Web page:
Travis may never return to their glory days of The Man Who and The Invisible Band selling millions of copies, but Everything At Once proves they still have a way with a melody and a deft turn of phrase.
Since what might be termed their imperial phase, they have always been solid and more or less consistent, perhaps with the exception of 12 Memories and Ode To J Smith, which were altogether more spiky and darker than anything the pop loving band have done before or since. In recent years the band have not been prolific, with all having taken time to raise children. Seventh album Where You Stand was released three years ago after a five year break, and was widely seen as a return to form.
But for many, Everything At Once, and indeed the band themselves, may be dismissed as middle of the road and sweet. This short album, which clocks in at just 33 minutes, does what Travis do best and is none the worse for that. Magnificent Time is a much needed shot of positivity and euphoria that even has its own dance, as demonstrated by the band in the song’s cartoonesque video. It’s extremely catchy and might cause some semi-conscious hummin of the line: “Sieze the day/ don’t throw away, this magnificent time.” So sings a joyous Fran Healy, and if you set this for your alarm, you may find yourself bounding out bed more than ready to face the day with a positive attitude.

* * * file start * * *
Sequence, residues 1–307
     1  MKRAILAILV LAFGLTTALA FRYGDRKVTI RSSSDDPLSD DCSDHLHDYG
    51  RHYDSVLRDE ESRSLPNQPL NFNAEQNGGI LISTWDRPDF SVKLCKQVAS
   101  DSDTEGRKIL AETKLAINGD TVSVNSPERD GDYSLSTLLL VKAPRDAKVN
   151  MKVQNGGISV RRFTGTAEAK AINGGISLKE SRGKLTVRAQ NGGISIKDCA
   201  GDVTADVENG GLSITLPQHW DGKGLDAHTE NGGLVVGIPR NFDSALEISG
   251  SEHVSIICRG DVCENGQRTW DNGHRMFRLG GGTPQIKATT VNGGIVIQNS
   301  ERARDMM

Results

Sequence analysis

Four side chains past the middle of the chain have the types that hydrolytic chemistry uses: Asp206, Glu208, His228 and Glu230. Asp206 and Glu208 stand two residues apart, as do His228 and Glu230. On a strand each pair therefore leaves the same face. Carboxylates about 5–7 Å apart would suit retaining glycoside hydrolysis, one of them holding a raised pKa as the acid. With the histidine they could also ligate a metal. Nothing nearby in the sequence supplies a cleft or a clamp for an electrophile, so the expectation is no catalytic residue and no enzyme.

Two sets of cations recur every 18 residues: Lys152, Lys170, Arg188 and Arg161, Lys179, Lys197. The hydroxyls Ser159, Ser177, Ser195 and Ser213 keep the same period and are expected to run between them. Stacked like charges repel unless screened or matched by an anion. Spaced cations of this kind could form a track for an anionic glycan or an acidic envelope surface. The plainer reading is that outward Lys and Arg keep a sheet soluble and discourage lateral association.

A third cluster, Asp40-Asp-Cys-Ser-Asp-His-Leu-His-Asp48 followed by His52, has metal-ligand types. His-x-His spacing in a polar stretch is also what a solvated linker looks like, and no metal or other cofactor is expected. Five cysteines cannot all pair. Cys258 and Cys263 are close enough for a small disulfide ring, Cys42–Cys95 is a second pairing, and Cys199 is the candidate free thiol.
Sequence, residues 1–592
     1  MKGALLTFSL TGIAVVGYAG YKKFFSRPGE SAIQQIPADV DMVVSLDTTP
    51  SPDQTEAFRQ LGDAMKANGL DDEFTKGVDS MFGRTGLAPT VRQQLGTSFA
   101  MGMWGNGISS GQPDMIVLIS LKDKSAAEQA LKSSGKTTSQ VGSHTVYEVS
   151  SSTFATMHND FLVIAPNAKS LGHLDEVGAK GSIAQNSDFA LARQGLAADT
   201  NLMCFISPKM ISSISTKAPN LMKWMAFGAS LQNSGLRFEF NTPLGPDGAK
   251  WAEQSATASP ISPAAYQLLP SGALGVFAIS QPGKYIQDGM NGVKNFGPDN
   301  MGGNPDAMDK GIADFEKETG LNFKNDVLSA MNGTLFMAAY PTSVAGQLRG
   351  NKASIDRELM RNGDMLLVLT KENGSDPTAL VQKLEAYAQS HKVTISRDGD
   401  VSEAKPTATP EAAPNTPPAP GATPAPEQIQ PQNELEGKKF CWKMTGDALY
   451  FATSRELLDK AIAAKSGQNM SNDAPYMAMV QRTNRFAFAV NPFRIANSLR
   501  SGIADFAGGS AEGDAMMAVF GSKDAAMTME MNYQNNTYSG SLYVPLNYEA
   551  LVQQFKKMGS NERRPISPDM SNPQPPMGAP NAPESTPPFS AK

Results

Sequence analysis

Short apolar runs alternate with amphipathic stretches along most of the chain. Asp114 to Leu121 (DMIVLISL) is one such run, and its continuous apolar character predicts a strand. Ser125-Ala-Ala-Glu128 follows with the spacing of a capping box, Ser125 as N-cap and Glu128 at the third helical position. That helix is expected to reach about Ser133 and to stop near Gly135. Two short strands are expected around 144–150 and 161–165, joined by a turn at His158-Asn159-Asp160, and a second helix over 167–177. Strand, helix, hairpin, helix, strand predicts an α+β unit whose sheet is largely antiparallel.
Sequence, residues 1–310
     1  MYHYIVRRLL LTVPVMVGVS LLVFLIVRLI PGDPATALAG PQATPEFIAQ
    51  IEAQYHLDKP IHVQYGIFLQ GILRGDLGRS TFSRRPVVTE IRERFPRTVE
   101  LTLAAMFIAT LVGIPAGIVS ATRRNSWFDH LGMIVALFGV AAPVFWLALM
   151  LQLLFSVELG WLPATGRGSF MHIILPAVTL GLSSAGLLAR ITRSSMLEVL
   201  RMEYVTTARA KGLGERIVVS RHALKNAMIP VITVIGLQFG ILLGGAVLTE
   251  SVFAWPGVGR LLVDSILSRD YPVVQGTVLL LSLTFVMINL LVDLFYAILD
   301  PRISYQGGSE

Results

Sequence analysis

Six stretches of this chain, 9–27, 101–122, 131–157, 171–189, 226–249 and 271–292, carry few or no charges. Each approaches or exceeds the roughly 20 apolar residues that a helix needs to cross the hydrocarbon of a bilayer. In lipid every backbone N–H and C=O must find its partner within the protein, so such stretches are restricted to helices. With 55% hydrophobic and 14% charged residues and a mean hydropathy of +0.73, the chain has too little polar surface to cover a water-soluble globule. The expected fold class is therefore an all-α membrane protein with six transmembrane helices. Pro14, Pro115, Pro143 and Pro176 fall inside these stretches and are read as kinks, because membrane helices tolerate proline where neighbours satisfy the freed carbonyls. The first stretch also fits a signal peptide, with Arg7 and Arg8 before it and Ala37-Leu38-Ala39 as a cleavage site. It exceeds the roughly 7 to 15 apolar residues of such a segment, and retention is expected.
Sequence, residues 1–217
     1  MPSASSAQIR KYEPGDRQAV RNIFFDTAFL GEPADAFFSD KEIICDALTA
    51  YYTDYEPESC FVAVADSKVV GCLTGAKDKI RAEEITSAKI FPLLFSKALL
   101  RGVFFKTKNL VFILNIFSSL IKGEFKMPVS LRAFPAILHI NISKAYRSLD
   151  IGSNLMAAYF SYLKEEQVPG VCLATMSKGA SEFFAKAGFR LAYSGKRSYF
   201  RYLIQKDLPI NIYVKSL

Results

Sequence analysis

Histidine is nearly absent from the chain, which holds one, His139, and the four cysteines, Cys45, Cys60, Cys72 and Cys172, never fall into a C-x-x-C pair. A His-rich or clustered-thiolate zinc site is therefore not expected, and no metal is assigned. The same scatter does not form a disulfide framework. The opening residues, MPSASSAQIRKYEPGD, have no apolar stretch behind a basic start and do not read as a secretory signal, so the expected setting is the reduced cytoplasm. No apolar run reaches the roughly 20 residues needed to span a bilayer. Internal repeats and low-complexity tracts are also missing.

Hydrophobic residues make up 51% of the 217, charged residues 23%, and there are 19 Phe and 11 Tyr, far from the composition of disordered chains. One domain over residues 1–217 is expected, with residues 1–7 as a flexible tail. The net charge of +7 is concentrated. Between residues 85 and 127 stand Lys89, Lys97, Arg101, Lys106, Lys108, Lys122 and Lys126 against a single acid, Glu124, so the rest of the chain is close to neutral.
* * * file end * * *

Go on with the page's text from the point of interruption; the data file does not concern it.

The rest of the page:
The band have always been equal parts joy and earnestness. They were never a band you would catch playing a song they didn’t believe in. If Magnificent Time is the joy, then Paralysed is the earnestness; a song made to sound even more pleading, with the addition of urgent strings. On latest single Idlewild Healy is joined on singing duties by Josephine Oniyama, who adds her smokey, mysterious vocals to the tale of unrequited love.
If the title track teaches us anything its that you can’t have anything at once. Healy comes the closest he’s ever come to rapping as he sings “You can’t do everything at once/ but you can do anything you want.” The album was recorded at Hansa Studios in Healy’s adopted home city of Berlin. It’s where all the greats have recorded, and Healy has made himself at home there due to being friends with studio engineer Michael Ilbert.
Healy has said this was a bit of a do or die moment for Travis, claiming it could either be a first breath or a dying gasp. It may not quite be the former but it most definitely isn’t the latter. If there’s one thing you can be sure of it’s that Travis, now nearly 20 years on from debut Good Feeling, will quietly endure.
The band have been on their own Red Telephone Box label since Ode To J Smith, and have now settled in to this more independent way of working. They are making the music they want because they want to and not because of any record company breathing down their neck. This is not groundbreaking or a major change for Travis. But would anyone – least of all the band – really want it to be?